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Opinion | Taming Apex Predators of Tech



Then there are fines, like a multibillion dollar one the Federal Trade Commission is considering penalizing Facebook for privacy breaches. While the fine would be the largest that the agency has ever imposed, it would also be far too small to make a difference. When Facebook announced that it had to transfer $ 5 billion as a look-out card, Wall Street and the Facebook share waved.

Meanwhile, there is a lot of talk about how the countries can work together to improve the electronic ecosystem. New Zealand's Prime Minister Jacinda Ardern met with President Emmanuel Macron of France last week, for example, to create an intergovernmental effort to end online extremism. While it is legitimate in theory, there is very little of this twist that is likely to lead to some rules with the booklet. In addition, the prospects of governments that make rules on limiting speech are in the process of ethical dilemmas.

Finally, it's the biggest gun: Use the antitrust law to break up big tech companies. Antitrust action talks have been steadily increasing, especially in a recent essay in this paper by Facebook founder Chris Hughes. His statement that the company was breaking up attracted a lot of attention, especially after calling the power of Mark Zuckerberg, his former college roommate, "un-American". It had to hurt, although the stroke is likely to be sparkling, since antitrust cases are slow and difficult to pull off.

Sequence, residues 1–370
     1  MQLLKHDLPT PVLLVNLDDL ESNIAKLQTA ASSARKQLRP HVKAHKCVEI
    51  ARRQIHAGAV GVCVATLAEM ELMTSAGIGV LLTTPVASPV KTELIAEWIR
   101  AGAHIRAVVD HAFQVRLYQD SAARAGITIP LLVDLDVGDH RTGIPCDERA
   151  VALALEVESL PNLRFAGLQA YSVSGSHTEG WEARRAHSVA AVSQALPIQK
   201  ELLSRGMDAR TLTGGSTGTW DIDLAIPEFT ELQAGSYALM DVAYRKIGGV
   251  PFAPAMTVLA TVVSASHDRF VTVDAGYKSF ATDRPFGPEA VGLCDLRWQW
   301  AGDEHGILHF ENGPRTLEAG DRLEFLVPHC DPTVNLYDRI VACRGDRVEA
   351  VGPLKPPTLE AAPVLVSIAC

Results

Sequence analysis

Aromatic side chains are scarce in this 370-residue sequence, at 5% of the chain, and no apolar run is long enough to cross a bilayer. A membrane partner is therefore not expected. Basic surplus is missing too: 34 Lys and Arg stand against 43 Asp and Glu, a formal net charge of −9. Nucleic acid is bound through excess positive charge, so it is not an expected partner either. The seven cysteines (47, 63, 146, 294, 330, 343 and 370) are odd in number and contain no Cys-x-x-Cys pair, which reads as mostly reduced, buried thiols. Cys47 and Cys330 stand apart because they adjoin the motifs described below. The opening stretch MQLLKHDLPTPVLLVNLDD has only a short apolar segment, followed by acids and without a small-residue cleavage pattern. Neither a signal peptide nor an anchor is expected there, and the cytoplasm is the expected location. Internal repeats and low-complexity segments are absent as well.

And yet, the idea of ​​using antitrust to rein in these companies has gained a significant increase recently with the Supreme Court's decision to allow a lawsuit from consumers aimed at how Apple runs its App Store to continue in a lower court.

Breaking with the more conservative wing of the court in a 5-4 decision, lawyer Kavanaugh wrote in the majority that Apple's arguments that it was not the subject of a lawsuit over their app prices "ignore legal text and precedent, an unlimited and economically meaningless distinction between monopolistic dealers and providing monopolistic retailers with guidance to escape the antitrust law. " [19659002] Apple has and will continue to argue that it's not a hardware and software monopoly – that's true. But the case, though narrow, is still a flashing neon sign of change. It is about thinking about the idea of ​​what a monopoly is with an eye on the power of the network effect. Although a company does not completely dominate its sector, if the platform can exercise what constitutes an ironfist control over consumers, it should perhaps be considered a monopoly. .
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